"Taking it upon yourself" would be the key element in this example I would probably focus on, because what is meant or implied by "taking is upon oneself" in either situation? Barring the example of the Hippocratic Oath expressly forbidding it, the director of the hospital isn't taking said responsibility upon themselves unilaterally, they've quite literally been chosen to direct the hospital and thus invested with the authority and responsibility to make the decision. That's not a unilateral "evil" power-grab, that's their fundamental function in said environment - it's what they're meant to do. Is that evil? Why is it evil? If decisions about human life fall under their purview, than any decision they make in the execution of said function can't be seen as evil unless a third-party element comes into play.

    The same is true of the Winter Queen - it's her duty, her literal purpose, to oversee Ardenweald and as such choose who lives and who dies in the scenario that's occurring. It's also difficult to pass judgment on her request for anima from Denathrius, because we don't know what that actually entails or what kind of ramifications it may have for Ardenweald as a whole.
    "Here lies a toppled god.
    His fall was not a small one.
    We did but build his pedestal,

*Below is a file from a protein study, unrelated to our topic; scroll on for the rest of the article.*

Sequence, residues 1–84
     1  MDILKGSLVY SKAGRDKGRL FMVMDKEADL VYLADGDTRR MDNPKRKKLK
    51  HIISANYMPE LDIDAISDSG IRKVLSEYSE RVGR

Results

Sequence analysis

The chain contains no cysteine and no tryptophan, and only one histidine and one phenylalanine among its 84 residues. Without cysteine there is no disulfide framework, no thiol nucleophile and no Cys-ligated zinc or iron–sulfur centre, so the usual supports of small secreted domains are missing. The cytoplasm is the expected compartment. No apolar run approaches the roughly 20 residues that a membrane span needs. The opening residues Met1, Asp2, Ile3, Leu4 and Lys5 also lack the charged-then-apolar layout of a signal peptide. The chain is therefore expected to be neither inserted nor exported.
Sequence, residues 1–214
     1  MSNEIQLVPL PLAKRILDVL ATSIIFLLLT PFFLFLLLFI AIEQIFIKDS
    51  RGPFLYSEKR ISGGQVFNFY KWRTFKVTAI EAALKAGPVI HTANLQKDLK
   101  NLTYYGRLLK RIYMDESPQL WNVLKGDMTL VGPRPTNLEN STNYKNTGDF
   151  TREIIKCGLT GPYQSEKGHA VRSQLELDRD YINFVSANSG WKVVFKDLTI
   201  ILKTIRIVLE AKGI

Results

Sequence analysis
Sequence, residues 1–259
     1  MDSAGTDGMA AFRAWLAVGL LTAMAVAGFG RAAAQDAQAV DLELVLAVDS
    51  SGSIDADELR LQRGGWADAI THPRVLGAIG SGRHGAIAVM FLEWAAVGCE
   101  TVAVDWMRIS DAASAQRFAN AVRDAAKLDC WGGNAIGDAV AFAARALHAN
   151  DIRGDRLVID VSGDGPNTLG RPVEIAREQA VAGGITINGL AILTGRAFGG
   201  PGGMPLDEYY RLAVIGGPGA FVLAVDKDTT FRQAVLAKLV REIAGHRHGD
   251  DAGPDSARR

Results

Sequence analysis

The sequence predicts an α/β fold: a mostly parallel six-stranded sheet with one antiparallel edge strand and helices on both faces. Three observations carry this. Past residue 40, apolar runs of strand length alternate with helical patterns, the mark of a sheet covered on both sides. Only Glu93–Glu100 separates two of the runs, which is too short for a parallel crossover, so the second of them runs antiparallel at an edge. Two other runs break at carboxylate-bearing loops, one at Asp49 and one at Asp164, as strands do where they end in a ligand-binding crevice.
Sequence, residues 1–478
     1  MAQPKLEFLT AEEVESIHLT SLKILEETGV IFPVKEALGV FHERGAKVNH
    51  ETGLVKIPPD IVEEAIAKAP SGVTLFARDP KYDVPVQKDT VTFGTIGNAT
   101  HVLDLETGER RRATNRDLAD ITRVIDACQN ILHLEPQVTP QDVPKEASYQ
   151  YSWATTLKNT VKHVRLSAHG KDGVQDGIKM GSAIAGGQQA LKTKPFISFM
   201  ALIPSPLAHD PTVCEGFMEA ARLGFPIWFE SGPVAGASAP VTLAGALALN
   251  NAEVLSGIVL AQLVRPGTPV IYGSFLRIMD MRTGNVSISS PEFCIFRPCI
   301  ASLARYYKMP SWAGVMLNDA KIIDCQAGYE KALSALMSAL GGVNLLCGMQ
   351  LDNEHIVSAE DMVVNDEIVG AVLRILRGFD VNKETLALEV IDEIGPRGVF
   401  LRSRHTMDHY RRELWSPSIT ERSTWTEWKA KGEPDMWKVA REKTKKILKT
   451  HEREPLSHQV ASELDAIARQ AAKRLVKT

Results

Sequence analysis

A narrow and a tall one."

  8. #948
    Quote Originally Posted by Coconut View Post
    The point I'm trying to make is that taking it upon yourself to decide who lives and who dies is indeed evil, even if it is utilitarian, because by doing so you are removing someone else's agency. The train scenario hides the ugliness of it because it implies some hidden villain who put both the subject and the victims in that situation, and you can pass the guilt on them, much like people are passing the Winter Queen's guilt on the Jailer. Since it is later revealed that asking for anima somewhere else and, I assume, trying to stop the problem from outside Ardenweald itself are options, one can't say that the Winter Queen was desperate enough to be absolved of guilt for her approach.
    Just because there are other options, doesn't mean those other options are at all viable. Having an option that absolutely is of no use to even really consider, is not really an option. The entirety of the Shadowlands are suffering the same anima drought issue, therefore asking for assistance from outside is not a viable option.

    Additionally, other options take time to implement and even figure out if it's truly an option. Requesting aid doesn't mean you're going to get it, and waiting for the response takes time, time which she apparently didn't have. It's essentially triage. She has to do something now, to prevent even greater harm, because to wait for outside help or trying to fix the problem takes time they don't have.